Suffering from writer's block and eagerly awaiting his writing award, Harry Block remembers events from his past and scenes from his best-selling books as characters, real and fictional, come back to haunt him.
A director is forced to work with his ex-wife, who left him for the boss of the studio bankrolling his new film. But the night before the first day of shooting, he develops a case of psychosomatic blindness.
Harry Block is a well-regarded novelist whose tendency to thinly-veil his own experiences in his work, as well as his un-apologetic attitude and his proclivity for pills and whores, has left him with three ex-wives that hate him. As he is about to be honored for his writing by the college that expelled him, he faces writer's block and the impending marriage of his latest flame to a writer friend. As scenes from his stories and novels pass and interact with him, Harry faces the people whose lives he has affected - wives, lovers, his son, his sister. Written by
Gary Dickerson <email@example.com>
Albert Brooks was the last actor to be offered the role of Harry. In an interview with Playboy magazine, he stated that he received a nice letter from Woody Allen offering him the role. Brooks responded, "It was insane that [Allen] didn't do it himself." Apparently, Woody took his advice. See more »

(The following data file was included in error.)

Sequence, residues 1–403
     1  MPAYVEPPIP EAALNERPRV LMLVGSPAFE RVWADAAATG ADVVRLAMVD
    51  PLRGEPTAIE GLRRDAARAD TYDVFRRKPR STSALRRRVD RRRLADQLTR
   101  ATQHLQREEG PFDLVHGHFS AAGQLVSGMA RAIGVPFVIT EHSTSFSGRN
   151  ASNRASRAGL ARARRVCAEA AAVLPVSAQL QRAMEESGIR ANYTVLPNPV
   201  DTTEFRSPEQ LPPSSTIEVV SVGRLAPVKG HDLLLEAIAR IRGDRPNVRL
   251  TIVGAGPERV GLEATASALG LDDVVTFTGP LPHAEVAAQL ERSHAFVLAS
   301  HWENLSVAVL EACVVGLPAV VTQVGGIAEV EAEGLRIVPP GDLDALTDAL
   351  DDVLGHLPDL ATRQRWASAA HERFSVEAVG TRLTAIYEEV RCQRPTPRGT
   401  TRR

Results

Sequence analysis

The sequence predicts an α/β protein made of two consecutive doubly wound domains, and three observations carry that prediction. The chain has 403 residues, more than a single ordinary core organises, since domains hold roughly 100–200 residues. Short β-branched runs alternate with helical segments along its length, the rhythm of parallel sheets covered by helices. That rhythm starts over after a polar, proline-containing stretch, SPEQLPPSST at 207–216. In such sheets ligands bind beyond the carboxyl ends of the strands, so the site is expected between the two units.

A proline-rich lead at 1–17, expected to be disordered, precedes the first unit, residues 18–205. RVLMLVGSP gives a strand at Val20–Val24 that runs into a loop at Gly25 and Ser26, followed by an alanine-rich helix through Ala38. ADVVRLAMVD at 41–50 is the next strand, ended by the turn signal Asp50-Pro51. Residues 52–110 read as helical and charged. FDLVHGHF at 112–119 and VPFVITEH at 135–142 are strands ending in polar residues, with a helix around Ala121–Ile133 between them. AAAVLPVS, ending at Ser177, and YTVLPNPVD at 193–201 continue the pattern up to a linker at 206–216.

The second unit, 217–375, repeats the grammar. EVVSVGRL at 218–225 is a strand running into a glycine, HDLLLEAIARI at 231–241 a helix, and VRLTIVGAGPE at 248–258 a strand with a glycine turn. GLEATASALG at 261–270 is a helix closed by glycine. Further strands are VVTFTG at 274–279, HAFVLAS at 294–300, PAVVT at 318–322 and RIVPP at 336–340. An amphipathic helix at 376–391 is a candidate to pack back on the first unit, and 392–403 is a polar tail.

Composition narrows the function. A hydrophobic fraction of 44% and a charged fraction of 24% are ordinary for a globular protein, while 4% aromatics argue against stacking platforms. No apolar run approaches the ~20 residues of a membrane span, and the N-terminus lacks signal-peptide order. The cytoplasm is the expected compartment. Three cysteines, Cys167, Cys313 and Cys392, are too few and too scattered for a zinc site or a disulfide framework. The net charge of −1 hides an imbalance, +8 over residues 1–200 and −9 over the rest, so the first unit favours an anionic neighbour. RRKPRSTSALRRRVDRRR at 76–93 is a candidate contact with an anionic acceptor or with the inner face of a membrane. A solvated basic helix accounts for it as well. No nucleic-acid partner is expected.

I'm single, available, with the soul of a black man.
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In a string of films that recapitulate familiar themes, this one stands out as perhaps the loudest cry of anguish and self-loathing, and it's a comedy.
Where Woody Allen has paid serious hommages to other artists' bleak "heaviosity" (his word) and inevitably come up short, here he does a blistering comic riff on two of the greatest films of the 20th century, Bergman's "Wild Strawberries" and Fellini's "8½."
The parallels to the Bergman film are obvious and much discussed. The bits of Fellini are less often recognized, including the complaining wife, the impossible mistress, other people's demands creating a totally chaotic existence, closing with a yearning fantasy of getting everybody in his life together in one place and time to create harmony and wholeness. In Woody's version, we even have a double for Mia in the reunion, as if some kind of healing reconciliation were possible.
So Woody hits the wall, looks at his life, can't stand any of it and rips the bark off his own skin. What can seem like self-indulgence in other films is not forgiven here. He writes scathing, vituperative attacks on himself for other character's mouths and the viewer can only gape.
Lots of fun, but not for the whole family.
The only mystery is why, at the time I write this, Imdb singles out such a lame misfire of a slam for the first page of this movie's entry. Just about anybody else who has posted has a better understanding of the film.
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